First, there are only two options for signs: 1) the 12 solar signs of the Tropical zodiac – which is the day system, and 2) the 27 lunar signs of the stellar sky – which is the night system. Two systems: one solar, one lunar. Neither should be brought into the other. Would it make sense for Western astrologers to interpret the Nakshatras in the Tropical zodiac?
Secondly, it should not be assumed that house systems based upon the daily rotation of the Earth can be interpreted using the zodiac. The spaces created by the Earth’s horizon, Midheaven and Imum Coeli most likely provide valuable information and follow the same pattern as the zodiac. However, this does not mean that the house cusps can be interpreted using the zodiac signs. In every location on Earth other than the Equator, the distribution of signs on the Ascendant (Rising sign) is heavily skewed. Eighty percent of people born in Scandinavia have six Rising signs. It is unlikely that human personality traits could be so unevenly distributed.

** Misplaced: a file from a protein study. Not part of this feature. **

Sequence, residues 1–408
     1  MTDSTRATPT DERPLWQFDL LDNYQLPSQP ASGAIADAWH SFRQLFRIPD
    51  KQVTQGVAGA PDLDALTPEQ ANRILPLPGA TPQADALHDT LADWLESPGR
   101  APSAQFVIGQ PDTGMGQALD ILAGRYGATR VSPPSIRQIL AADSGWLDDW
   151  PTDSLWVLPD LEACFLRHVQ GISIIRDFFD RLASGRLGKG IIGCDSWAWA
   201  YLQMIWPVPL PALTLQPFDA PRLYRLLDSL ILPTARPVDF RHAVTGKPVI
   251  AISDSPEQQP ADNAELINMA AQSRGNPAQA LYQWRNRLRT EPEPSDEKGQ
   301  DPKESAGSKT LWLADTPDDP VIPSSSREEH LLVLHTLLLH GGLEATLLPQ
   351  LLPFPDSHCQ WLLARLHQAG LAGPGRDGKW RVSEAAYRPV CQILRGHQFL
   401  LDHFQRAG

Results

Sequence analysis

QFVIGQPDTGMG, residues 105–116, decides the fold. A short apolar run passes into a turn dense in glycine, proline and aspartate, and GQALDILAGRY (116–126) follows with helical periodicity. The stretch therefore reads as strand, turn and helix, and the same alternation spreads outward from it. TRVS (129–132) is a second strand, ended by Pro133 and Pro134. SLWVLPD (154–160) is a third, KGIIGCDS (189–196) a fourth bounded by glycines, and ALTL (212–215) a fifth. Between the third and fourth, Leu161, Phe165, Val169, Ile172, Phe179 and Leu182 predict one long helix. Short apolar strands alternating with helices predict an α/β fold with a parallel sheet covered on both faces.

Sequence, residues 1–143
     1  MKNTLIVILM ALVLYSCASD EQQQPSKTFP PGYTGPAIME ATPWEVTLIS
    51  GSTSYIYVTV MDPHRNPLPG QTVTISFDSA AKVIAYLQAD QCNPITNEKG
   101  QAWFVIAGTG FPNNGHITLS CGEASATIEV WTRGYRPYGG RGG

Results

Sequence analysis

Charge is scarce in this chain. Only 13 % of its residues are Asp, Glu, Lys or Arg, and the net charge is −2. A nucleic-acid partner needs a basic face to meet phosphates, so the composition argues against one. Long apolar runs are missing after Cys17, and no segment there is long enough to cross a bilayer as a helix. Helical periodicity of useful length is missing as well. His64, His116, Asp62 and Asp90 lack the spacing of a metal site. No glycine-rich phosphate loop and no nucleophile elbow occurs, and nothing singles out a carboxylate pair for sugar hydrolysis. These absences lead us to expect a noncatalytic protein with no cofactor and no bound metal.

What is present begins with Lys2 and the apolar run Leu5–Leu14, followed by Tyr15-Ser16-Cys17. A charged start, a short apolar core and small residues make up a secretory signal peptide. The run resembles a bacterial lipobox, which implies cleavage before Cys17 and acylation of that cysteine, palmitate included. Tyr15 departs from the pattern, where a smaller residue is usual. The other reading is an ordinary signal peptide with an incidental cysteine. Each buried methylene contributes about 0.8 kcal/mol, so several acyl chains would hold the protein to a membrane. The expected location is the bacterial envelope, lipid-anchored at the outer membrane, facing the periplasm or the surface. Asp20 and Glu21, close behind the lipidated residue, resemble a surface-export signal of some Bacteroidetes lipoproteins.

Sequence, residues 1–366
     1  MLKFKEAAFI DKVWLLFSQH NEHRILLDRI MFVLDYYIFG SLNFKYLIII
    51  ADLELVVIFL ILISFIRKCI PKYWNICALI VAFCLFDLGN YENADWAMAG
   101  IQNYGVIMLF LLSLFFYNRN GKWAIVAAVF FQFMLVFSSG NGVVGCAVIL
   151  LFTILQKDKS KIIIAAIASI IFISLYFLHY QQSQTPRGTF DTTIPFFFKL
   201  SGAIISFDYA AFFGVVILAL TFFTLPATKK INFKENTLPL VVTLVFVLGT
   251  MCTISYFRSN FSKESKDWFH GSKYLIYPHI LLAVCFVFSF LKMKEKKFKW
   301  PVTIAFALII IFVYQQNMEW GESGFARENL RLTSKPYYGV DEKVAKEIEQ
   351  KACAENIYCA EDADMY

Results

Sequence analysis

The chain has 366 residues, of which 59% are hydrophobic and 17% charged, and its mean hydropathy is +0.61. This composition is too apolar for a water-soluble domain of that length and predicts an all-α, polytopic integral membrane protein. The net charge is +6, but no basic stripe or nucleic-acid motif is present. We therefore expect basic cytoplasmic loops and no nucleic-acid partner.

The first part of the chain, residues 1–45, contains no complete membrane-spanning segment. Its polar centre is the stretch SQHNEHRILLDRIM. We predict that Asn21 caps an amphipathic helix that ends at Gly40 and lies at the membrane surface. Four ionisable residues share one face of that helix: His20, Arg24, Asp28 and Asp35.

Each system developed over thousands of years in its own context. When placed in a different context, a great risk of distortion occurs. We, as astrologers, need to be clear about what techniques we are using, what their origins are, and how they work best. The idea that any blend of any system can be made to work by a given astrologer discredits the fact that Astrology is a science and obeys laws of time and space just as any other natural science. The experience many astrologers have of their system “working for them” does not validate their system, simply that one’s experience tend to follow their beliefs.